The FDA has now issued a warning that medicines used to treat Hepatitis C may cause flare-ups in patients who suffer from Hepatitis B.
Dr. John Farley, deputy director of FDA's Office of Antimicrobial Products, said, "Doctors should be screening everybody."
In a public statement, the FDA wrote, "We identified 24 casess of hepatitis B reactivation reported to FDA and from the published literature in hepatitis B/ hepatitis C co-infected patients treated with direct-acting antivirals during the 31 months from November 22, 2013 to July 18, 2016. This number includes only cases submitted to FDA, so there are likely additional cases about which we are unaware. Of the cases reported, two patients died and one required a liver transplant."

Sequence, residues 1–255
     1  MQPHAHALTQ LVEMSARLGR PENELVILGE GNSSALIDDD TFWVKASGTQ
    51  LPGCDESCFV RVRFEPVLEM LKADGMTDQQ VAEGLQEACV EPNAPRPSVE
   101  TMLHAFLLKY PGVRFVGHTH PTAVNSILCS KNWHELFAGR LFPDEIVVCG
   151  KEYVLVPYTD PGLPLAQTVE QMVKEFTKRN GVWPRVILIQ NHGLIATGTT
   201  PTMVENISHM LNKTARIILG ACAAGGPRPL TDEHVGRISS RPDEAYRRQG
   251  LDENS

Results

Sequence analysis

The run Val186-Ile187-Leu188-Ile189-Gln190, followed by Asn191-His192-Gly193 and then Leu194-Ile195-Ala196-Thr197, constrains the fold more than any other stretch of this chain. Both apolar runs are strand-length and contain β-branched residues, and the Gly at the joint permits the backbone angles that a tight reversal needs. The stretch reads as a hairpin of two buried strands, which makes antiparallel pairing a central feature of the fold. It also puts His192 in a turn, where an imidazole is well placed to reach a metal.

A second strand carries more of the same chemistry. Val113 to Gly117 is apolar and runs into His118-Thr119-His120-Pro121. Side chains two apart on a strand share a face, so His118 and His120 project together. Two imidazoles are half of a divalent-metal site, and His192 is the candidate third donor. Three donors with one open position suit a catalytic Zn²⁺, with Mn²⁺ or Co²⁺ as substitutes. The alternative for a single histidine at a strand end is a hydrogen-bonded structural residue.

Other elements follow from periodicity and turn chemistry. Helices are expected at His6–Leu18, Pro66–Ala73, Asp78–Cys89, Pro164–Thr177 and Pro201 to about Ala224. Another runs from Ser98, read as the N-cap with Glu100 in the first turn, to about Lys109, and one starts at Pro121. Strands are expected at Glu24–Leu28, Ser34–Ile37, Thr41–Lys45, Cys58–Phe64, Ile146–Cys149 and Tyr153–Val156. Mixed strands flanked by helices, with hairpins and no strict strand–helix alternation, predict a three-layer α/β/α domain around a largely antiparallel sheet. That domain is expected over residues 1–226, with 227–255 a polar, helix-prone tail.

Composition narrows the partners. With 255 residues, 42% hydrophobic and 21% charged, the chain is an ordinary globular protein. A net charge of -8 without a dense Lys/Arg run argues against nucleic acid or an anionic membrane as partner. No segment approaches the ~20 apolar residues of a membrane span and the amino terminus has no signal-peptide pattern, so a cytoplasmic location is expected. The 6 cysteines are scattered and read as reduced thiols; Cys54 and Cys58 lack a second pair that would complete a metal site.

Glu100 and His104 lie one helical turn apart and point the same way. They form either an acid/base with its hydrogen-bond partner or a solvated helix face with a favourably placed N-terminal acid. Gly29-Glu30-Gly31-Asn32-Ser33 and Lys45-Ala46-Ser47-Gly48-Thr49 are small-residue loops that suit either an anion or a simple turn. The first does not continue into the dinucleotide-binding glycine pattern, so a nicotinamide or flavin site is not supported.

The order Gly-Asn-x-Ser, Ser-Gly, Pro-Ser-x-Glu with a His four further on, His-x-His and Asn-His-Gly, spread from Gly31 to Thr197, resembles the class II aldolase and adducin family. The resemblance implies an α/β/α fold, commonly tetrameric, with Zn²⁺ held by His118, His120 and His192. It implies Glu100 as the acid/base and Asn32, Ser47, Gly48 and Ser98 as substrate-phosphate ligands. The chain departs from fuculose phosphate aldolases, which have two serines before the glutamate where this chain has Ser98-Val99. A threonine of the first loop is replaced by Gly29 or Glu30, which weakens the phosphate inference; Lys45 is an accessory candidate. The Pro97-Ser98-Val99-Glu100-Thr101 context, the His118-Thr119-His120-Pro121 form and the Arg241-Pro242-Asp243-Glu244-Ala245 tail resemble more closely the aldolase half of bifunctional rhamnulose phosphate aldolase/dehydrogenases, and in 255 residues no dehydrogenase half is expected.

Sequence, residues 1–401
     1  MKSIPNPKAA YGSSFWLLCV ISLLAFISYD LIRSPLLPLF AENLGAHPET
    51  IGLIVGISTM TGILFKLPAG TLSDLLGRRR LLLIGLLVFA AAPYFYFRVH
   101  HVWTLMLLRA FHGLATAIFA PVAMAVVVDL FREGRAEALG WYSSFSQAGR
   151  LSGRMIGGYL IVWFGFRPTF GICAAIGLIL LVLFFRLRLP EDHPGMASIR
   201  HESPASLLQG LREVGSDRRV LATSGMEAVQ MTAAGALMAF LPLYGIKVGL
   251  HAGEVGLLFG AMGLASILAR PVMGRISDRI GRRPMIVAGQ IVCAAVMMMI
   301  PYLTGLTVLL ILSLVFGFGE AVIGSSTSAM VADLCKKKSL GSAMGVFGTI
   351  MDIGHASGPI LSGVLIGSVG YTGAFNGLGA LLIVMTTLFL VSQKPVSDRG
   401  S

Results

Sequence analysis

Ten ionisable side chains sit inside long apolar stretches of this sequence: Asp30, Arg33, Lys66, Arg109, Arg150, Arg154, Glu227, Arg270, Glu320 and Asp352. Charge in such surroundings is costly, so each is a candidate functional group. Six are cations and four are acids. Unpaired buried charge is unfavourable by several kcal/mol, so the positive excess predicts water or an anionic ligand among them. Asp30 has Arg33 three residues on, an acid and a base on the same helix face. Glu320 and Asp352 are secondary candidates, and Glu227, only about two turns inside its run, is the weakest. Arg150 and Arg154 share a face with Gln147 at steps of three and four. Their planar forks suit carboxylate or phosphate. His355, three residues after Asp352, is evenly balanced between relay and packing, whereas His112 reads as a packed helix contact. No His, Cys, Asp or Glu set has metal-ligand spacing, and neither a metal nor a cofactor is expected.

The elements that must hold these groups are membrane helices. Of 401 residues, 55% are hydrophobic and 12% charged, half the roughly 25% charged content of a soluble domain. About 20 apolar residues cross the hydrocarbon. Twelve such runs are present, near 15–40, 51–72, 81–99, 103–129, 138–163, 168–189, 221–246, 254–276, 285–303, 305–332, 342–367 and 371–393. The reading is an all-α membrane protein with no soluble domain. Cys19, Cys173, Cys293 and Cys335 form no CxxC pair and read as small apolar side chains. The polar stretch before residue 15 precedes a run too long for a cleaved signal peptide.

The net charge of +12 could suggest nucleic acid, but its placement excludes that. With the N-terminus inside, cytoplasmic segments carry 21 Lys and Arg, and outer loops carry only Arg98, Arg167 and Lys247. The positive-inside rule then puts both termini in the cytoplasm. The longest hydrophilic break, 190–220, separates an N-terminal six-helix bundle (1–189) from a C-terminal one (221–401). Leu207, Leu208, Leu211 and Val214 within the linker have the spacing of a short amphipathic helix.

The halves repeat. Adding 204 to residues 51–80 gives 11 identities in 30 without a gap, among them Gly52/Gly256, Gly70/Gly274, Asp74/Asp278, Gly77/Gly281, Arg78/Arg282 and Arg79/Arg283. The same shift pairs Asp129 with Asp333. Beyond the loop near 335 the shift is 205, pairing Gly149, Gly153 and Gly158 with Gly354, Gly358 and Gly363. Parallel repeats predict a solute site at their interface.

One issue is that only about half of Hepatitis C patients are actually tested for the virus. The virus is spread mainly by blood contact, including transfusions, infected needles, and mother-to-baby transmission during birth. Though all Hepatitis viruses affect the liver, Hepatitis C is the leading cause of liver transplant.
Hepatitis B has no cure, but like CMV and EBV, it can go "dormant." Though there are drugs to treat Hepatitis B, none can cure it. Hepatitis B is transferred via bodily fluids.
Though there is a vaccine against Hepatitis B, there is not yet a vaccine for Hepatitis C.
It's not clear why Hepatitis C medications would cause a flare-up of Hepatitis B. The first cases of this were noticed about a year ago, and the research has just begun.